The recently-concluded first season run of Moon Knight represents some of the most unique storytelling in the Marvel Cinematic Universe to-date. Following the blueprint of the comic character, Moon Knight sees Oscar Isaac playing multiple different characters living within the same body, fighting as the avatar of the Egyptian god Khonshu. It's a premise that could have easily folded on its way from comics to live-action, especially with big changes made to the character of Steven Grant and his relationship to Marc Spector. The team behind the series ultimately nailed the assignment, but that doesn't mean they weren't scared to pitch something so out of left field.
"Oh, it's terrifying," Slater said. "It's absolutely terrifying because, look, not to get sappy or anything, but Kevin Feige is one of my heroes. He is up there with Spielberg in the '80s as one of the greatest producers to have ever lived. I am one of those Marvel fans that is at every MCU movie on opening night. I'm one of those guys in the theater at [Avengers: Endgame] screaming my head off. So, as a super fan, when Kevin Feige walks into the room and you're sitting in a Marvel pitch room surrounded by like, 'Hey, there's one of the original Iron Man Mark IV helmets, and here's Thor's hammer sitting in a glass case.' You are surrounded by not only film history, but my childhood came to life."
"To have Kevin take that thing from my childhood and turn it into the biggest cultural force, the biggest blockbuster franchise out there. It really feels like vindication, like the good guys won to some extent," Slater continued. "It's terrifying to be in a room with those people because, look, Kevin is incredibly nice and incredibly smart. He's a great guy, but you don't want to look stupid in front of your heroes. You don't want to say something dumb and walk out of the room they're like, 'Oh, Jesus Christ that guy.' Yeah, it's the scariest pitch I've ever had in my life, but it worked. I must have said something right."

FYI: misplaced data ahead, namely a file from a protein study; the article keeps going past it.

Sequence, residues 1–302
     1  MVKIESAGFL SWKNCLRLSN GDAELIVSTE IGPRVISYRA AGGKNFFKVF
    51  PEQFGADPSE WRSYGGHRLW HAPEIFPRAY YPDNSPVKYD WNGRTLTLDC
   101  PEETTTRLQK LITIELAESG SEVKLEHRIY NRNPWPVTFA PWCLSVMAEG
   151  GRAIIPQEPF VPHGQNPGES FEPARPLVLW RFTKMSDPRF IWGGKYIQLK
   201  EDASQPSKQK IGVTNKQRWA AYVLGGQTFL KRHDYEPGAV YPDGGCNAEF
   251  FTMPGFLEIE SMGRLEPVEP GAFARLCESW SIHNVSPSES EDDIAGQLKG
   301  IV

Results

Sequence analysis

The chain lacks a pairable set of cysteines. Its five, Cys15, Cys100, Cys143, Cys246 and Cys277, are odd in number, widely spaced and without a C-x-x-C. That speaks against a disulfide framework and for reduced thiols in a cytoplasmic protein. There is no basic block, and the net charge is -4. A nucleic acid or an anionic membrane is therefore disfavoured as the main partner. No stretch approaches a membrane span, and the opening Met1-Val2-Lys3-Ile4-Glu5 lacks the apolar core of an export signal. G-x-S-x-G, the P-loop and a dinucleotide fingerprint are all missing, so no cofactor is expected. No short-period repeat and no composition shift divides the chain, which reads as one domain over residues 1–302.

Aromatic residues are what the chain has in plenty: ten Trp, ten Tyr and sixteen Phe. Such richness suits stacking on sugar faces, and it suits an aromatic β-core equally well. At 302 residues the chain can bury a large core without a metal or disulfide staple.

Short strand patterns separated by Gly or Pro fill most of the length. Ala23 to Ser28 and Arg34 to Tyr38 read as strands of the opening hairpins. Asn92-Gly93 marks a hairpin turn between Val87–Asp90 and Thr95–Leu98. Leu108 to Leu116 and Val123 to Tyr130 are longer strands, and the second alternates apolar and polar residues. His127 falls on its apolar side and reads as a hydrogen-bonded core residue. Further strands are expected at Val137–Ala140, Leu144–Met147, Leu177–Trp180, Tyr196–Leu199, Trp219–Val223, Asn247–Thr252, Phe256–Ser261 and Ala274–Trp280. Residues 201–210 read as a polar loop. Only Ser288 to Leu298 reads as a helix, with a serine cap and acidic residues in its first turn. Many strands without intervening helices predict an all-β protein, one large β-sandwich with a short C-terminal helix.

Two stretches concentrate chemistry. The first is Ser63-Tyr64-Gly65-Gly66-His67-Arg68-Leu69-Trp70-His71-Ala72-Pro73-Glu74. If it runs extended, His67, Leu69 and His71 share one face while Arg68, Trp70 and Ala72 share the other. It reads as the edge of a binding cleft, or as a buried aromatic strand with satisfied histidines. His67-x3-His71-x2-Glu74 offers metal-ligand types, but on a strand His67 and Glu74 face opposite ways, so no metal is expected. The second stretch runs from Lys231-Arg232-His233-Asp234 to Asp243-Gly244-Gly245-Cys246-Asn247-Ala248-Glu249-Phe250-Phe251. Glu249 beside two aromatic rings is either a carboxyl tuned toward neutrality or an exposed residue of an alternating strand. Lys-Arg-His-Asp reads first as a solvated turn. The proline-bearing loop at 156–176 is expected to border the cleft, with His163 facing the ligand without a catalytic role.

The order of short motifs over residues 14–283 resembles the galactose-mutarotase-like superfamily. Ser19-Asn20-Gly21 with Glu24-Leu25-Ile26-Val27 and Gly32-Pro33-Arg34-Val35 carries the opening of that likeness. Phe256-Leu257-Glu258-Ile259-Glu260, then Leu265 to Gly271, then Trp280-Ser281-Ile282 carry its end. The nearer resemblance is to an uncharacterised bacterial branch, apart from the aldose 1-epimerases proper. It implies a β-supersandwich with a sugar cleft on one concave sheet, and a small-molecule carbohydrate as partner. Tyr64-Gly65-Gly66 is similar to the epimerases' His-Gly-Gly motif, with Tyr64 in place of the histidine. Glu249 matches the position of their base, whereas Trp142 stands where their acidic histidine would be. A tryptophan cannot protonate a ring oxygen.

Slater went on to say that he had quite a lot of time to reflect on the pitch before he really knew how it went. Weeks had passed by the time he was fully brought on board.
"It was weeks later," he said. "It was a protracted thing where there was never one official call. It was like, 'Seems like we're moving in the right direction, and it seems like we're moving in the right direction.' There was a lot of chaos with making sure I could get out of other script commitments that I had at the time so that I could actually take the job. Right up until the last second, everything was up in the air. By the time I found out that I actually had the job, I had kind of already been working on it for a couple of weeks and just being like, 'God, I hope I'm not wasting my time here.' But we still went out. My wife and I had an amazing celebratory dinner and popped some champagne. It was a pretty awesome night."
All six episodes of Marvel Studios' Moon Knight are now streaming on Disney+.